We live in an age of unimaginable miracles. We have machines that do in seconds what scholars once spent years trying to accomplish…if they had the stamina and the income to persevere in their studies long enough to bring their research to a satisfactory conclusion. I push a few keys on my laptop and I’m suddenly talking to—and seeing—my friend in  Jerusalem (or in Paris or in London or in Vancouver) as though he were sitting on the other side of my work table. Doctors routinely undertake  procedures that even in our own lifetimes would have sounded like science fiction fantasies, and yet which have become so totally routine that people barely remember that they were once mere possibilities, let alone unattainable fantasies.  And yet…one good storm—one that comes from nowhere and goes off to nowhere after passing blithely over us while paying as much attention to the devastation wrought by its presence as most of us would give to an anthill accidentally stepped on while gardening in the backyard—one good storm is all it takes for all that progress to stop in its tracks. No cell phones. No internet. No Skype. No Facebook. No nothing…just the world as it once was. Sunlight in the daytime and darkness at night. Communication by talking rather than texting. Heat from fire rather than from electric space heaters. Entertainment not by looking at something, but by doing something: by playing the piano or reading a book, by walking around the neighborhood or knitting a scarf or making a pot of soup or darning a sock. Okay, maybe not the darning a sock part—I’m not even sure I know exactly what “darning” is—but the rest of it for sure!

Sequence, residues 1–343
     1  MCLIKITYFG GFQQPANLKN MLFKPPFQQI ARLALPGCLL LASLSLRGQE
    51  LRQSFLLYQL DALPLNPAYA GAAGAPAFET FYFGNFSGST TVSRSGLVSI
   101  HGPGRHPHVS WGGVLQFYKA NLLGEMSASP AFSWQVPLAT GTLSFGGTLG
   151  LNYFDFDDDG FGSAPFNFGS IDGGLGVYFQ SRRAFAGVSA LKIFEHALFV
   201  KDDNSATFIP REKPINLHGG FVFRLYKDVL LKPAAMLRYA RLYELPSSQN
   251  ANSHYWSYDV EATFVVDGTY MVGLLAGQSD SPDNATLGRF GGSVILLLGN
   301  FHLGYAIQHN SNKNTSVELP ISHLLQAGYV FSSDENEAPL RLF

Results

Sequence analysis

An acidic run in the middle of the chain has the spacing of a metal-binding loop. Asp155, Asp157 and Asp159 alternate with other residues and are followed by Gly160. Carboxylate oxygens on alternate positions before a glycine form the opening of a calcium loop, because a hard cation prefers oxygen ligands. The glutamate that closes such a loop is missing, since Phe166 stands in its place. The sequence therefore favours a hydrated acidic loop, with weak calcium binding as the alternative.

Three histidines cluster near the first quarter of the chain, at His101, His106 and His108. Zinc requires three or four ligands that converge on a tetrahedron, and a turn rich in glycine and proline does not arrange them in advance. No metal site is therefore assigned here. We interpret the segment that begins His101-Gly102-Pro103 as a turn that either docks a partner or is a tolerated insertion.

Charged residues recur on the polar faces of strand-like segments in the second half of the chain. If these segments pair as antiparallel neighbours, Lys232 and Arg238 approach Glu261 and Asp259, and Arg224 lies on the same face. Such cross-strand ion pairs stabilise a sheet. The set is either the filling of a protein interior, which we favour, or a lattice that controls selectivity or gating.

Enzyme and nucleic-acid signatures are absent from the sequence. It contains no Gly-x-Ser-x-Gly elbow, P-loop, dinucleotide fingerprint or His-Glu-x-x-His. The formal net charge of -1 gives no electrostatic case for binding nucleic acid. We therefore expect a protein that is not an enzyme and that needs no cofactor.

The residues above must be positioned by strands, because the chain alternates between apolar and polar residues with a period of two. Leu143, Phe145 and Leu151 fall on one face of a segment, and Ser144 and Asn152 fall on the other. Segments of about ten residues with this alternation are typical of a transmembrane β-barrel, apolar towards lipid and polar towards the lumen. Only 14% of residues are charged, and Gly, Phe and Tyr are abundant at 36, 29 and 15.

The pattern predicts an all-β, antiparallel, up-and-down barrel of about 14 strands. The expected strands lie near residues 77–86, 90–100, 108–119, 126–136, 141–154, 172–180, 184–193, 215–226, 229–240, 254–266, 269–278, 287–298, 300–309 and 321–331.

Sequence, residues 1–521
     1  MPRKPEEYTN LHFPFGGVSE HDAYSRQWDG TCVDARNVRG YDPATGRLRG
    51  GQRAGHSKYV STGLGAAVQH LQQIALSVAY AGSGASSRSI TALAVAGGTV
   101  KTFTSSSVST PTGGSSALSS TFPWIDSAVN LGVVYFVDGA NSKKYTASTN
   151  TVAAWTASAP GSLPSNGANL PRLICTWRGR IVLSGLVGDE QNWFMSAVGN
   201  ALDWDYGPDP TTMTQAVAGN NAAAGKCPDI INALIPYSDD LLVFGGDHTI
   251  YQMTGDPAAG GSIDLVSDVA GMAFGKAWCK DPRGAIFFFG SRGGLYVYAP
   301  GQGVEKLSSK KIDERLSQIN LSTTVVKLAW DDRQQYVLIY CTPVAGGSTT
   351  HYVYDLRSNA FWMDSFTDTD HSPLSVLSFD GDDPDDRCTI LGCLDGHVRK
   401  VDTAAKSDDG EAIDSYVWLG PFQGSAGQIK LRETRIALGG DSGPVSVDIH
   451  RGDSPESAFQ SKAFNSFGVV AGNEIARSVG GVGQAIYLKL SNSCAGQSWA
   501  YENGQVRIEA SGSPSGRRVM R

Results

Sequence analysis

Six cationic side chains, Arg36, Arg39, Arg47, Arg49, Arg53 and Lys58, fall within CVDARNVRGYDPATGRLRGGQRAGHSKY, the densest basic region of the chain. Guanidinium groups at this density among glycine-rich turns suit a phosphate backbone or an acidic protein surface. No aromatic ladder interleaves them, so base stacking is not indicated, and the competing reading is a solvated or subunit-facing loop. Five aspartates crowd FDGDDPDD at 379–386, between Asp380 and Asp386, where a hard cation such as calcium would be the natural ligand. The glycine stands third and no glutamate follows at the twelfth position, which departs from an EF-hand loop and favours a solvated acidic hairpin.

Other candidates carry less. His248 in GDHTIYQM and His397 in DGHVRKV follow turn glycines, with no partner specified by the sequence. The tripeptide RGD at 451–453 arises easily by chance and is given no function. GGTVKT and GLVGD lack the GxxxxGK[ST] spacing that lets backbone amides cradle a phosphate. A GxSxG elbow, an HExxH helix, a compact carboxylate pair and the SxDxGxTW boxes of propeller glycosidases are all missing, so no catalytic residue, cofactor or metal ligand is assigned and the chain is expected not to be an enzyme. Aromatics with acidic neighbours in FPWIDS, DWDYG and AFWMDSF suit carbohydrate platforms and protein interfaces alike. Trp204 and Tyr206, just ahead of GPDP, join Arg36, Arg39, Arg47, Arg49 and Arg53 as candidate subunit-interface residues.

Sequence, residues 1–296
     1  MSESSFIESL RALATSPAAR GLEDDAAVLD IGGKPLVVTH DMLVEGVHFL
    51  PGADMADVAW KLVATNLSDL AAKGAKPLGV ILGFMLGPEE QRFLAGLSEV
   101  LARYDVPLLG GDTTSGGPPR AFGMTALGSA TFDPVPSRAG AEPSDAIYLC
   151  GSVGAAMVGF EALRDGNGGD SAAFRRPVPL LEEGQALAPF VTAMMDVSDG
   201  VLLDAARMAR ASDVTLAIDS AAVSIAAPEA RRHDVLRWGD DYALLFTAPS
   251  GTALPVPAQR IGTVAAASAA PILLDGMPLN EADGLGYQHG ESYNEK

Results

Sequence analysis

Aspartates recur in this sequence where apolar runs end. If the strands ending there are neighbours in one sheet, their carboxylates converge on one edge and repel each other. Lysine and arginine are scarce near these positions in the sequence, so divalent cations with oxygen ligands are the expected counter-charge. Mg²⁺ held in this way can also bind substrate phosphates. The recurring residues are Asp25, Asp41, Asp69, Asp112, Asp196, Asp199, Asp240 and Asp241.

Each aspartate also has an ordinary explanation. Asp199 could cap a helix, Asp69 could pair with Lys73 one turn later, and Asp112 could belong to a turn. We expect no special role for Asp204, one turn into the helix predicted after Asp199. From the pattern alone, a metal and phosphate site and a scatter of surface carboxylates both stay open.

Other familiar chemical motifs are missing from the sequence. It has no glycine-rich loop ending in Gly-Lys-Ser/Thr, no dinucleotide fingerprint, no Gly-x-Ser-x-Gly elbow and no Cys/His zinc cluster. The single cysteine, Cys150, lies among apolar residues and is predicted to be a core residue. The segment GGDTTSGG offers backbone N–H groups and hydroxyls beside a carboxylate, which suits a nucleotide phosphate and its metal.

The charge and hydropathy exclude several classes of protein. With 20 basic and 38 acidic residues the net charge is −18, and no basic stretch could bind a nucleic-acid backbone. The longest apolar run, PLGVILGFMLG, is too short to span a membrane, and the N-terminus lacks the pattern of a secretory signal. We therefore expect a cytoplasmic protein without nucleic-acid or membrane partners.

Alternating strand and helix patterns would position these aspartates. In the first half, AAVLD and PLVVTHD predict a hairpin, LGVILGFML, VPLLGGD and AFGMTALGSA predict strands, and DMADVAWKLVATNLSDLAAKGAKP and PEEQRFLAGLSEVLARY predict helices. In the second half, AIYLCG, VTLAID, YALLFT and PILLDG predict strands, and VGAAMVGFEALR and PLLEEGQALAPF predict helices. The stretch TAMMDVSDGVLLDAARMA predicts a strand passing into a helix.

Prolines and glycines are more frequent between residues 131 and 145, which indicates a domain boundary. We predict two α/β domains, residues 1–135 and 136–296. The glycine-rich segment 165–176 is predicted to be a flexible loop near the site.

Mozart somehow managed to live without electricity. So did Shakespeare. And Goethe. And Caravaggio. Not to mention Isaiah, King David, and Maimonides. So perhaps we should respond to the events of this last week not with irritation (or not solely with irritation), but with a bit of humility. Clearly, we’re not as invincible as we thought we were a week or two ago! But the world’s greatest cultural accomplishments were undertaken and accomplished in a world strangely like our post-Sandy one, or at least like our post-Sandy world will remain until they turn the power back on and Long Island enters the post-post-Sandy period. So maybe we would do better not  to spend our cold days and bleak nights wondering whom to blame for this mess, let alone whom eventually to sue for damages, but by trying instead to imagine the good we might be capable of doing now that circumstance has created the context for us selflessly to put others’ needs before our own, for us humbly to acknowledge our true relationship to the universe once we find ourselves forcibly divested of our supremely powerful (and surely only temporarily disabled) machinery, for us productively to wonder what we might create not via game boxes and virtual reality simulators but actually by writing a poem (i.e., on a piece of paper with a pencil) or by learning to sing a song or by making a pot of really, really good soup. From scratch. In the cold. Wearing gloves and a hat. And, if we can manage it, not much caring about the circumstance that led us to this instance of obligatory creativity and reveling instead in the creative process itself. If that experience itself makes us humble, then so much the better. And if the process also leads us to a bowl of truly good soup, then better still!